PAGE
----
May 24, 2010, 10:30 AM EST
The reflexive response is to attach “-Gate” to any controversy (although I wonder what would happen if the Dallas Stars were involved … we already have “Stargate” after all) but perhaps this Flyers-Habs dilemma deserves a couple extra syllables. Maybe we should refer to it as “Sand-on-the-Skategate” instead? Or perhaps the “Great Sandy Skate Debate”?
Either way, the media is buzzing with discussion about the odd story. Puck Daddy includes a media roundup. The local scribes, including Philly.com, discussed the “unsolved mystery” today. And you know it’s a big/ridiculous/embarrassing deal when Deadspin gets in on the action.
If you’re not up-to-date with this odd little story, Brandon shared the initial news (broken by NBC’s Pierre McGuire) and then followed it up with a story that the Montreal Canadiens claimed they were dealing with skate issues of their own. Brandon broke down the situation – including how much of an impact faulty skates can have on a sport with such a thin margin of error – in his first report.
Those “rumors”, first reported by NBC’s Pierre McGuire, was that some some sort of substance had been spilled on the rubber mats that players walk on from the locker room to the benches, which was causing all sorts of problems with their skates not only being sharp but having gouges nearly destroying the blades the blades as well.
The Flyers didn’t exactly blame any sort of tampering or sabotage for the sand ending up on the rubber mats, although according to Seravalli one player did admit there was a substance on the mats that caused these issues.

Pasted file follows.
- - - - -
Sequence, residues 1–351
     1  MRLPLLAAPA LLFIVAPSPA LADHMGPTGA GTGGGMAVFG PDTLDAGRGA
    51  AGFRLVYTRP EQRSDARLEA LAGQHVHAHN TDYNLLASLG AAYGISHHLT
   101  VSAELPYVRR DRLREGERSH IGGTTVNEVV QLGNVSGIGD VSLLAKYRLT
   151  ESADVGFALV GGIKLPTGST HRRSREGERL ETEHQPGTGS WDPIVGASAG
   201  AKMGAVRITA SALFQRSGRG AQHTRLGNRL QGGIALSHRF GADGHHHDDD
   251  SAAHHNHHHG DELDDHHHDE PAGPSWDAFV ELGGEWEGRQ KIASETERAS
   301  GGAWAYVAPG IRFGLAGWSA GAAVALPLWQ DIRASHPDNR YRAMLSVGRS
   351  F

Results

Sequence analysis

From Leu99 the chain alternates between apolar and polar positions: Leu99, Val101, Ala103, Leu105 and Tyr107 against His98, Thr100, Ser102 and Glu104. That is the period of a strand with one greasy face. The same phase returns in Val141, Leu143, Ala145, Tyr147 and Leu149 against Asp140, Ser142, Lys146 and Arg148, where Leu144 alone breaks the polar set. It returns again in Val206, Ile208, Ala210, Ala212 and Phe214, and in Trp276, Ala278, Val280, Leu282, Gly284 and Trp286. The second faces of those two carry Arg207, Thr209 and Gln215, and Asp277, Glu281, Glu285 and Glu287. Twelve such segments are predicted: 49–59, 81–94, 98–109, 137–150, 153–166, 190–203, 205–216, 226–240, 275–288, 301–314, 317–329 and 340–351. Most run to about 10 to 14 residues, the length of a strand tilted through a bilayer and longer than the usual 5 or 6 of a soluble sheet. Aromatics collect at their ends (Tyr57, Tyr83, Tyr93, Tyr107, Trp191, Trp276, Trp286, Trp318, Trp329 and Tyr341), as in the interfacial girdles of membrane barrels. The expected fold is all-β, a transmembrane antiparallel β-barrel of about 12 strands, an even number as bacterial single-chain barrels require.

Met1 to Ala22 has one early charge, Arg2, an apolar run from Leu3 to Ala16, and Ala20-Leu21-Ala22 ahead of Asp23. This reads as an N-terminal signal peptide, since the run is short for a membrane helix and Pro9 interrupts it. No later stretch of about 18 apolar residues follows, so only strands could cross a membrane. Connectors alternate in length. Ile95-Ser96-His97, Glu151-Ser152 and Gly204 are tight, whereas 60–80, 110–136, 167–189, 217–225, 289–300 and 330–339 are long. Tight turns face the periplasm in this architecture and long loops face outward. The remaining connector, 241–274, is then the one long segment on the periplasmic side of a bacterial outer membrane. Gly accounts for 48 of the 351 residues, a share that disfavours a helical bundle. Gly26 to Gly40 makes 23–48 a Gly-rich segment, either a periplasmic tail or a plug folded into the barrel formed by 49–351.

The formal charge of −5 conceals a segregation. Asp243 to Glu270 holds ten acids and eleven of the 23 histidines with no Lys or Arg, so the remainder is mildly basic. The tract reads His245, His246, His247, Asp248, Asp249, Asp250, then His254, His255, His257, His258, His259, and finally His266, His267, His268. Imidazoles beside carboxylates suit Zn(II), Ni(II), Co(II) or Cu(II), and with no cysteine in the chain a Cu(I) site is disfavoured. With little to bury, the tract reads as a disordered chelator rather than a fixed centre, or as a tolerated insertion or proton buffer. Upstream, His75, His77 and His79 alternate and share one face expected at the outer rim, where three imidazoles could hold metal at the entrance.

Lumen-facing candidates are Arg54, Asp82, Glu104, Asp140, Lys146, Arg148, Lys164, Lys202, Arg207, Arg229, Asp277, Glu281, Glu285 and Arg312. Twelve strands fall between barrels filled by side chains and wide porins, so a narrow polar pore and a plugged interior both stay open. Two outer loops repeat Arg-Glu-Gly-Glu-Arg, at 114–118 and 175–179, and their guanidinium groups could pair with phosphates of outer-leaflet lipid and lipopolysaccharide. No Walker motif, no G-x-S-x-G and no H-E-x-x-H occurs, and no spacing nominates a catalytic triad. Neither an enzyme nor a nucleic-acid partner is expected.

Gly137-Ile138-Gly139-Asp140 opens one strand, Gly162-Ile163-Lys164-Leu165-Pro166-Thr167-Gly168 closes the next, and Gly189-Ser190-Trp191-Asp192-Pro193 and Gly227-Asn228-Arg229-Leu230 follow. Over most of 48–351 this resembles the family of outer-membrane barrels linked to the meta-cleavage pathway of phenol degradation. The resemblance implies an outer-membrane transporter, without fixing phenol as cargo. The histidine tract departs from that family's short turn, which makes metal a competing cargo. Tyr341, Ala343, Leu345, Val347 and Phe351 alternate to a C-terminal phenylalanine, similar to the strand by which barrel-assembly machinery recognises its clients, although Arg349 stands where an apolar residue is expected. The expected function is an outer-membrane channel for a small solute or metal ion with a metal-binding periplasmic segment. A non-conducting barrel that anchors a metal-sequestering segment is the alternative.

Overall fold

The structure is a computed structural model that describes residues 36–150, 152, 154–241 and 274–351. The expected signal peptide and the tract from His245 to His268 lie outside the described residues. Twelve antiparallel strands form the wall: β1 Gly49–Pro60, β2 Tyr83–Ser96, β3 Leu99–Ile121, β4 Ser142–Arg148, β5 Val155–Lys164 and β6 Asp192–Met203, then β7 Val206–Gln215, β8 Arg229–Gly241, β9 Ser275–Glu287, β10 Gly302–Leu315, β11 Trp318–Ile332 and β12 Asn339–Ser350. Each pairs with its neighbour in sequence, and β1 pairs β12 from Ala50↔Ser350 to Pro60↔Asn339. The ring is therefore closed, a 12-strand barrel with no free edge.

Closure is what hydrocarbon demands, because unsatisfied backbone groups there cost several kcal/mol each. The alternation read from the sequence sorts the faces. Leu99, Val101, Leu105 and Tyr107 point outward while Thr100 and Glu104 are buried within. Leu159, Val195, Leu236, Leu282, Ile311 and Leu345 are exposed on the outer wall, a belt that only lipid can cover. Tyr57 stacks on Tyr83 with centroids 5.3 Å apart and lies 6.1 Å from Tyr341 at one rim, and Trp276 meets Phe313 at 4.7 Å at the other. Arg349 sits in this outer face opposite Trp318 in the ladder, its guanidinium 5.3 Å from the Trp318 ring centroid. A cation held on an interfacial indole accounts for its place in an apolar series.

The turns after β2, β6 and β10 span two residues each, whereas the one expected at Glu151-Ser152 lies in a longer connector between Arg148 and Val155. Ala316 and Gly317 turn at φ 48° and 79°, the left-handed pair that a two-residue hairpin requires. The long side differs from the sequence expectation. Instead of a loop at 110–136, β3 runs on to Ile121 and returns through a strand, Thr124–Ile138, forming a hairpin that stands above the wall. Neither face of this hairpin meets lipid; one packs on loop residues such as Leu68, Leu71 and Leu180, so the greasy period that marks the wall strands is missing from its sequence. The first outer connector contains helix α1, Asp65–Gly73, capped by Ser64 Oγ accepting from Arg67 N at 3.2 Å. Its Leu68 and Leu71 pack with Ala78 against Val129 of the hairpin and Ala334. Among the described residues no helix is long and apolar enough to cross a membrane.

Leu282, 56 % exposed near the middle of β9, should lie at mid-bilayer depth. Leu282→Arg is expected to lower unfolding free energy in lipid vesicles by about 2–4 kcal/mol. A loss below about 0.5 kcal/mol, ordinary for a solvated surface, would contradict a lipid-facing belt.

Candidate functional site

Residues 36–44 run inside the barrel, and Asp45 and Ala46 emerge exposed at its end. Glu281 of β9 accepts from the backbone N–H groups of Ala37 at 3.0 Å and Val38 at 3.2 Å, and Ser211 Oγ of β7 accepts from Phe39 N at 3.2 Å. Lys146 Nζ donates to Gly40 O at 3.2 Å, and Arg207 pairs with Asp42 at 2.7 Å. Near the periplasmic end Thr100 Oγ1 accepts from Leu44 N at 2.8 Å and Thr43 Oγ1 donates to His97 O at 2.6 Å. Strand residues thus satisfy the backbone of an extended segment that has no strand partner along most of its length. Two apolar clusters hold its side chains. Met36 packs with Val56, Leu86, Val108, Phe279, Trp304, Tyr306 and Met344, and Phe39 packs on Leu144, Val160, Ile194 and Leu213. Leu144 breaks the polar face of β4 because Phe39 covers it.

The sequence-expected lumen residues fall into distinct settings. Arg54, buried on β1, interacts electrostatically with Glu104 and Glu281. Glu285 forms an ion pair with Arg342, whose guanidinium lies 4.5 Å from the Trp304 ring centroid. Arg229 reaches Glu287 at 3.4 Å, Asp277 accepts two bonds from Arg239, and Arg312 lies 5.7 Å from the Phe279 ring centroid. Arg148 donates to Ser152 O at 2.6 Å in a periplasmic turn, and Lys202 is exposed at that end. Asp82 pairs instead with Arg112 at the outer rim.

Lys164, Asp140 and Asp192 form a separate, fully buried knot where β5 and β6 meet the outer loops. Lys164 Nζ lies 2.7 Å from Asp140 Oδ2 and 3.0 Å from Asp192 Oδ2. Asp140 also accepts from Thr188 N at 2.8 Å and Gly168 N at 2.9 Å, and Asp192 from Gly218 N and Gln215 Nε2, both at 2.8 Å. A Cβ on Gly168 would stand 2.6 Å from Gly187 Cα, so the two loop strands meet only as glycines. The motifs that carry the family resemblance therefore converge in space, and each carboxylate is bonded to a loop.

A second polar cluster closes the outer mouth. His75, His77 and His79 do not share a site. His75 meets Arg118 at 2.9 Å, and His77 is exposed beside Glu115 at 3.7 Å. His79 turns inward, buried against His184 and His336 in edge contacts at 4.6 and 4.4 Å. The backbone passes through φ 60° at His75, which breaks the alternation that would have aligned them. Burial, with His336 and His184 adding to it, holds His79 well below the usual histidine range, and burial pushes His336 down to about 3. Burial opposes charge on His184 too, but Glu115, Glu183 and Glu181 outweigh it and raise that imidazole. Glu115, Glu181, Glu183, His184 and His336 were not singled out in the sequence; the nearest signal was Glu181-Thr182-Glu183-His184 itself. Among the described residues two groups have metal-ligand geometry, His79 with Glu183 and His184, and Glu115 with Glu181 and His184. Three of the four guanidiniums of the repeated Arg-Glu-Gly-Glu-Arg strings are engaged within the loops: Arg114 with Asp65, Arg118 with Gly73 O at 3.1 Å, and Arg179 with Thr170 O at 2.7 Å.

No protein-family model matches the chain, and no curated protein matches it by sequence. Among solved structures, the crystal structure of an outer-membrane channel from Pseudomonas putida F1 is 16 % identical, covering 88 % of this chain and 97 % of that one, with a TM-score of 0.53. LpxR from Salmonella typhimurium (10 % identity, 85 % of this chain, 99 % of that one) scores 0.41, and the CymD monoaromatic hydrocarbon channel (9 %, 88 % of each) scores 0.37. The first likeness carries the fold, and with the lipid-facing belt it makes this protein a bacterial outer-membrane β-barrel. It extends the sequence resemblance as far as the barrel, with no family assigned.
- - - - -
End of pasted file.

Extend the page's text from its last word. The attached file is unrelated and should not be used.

For those unfamiliar, any sort of sand or sand-like substance is kryptonite for the sharpness of skates and for such a highly skilled sport as hockey having your skates as sharp and in as good condition as possible is tantamount for success on the ice. Yet the Flyers lost players all throughout the game to have their skates repaired, and likely had them ruined once more walking back out of the locker room and to the bench as no one discovered the substance until later in the game.
Eventually, towels were laid across the mats to prevent further damage.
The story went from troubling to (mostly) amusing thanks to the fact that the Flyers still managed to bludgeon the Canadiens 3-0. Anthony Safilippo reported that Mike Richards and Kimmo Timonen had the most issues while Scott Hartnell, Darroll Powe and Claude Giroux also needed to head out for extra skate sharpening. On the Habs side, the reaction probably can be summed up by Jaroslav Spacek comparing the Flyers to “figure skaters.” Montreal coach Jacques Martin even blamed, oddly, the sport’s heavy use of composite sticks.
As Brandon mentioned, it’s a good thing that the Flyers won or this could have been a genuine headache for the league. Here I was, thinking that home ice advantage left the series with that limp Montreal loss, but you certainly cannot blame Habs fans for their team not showing up on Saturday.
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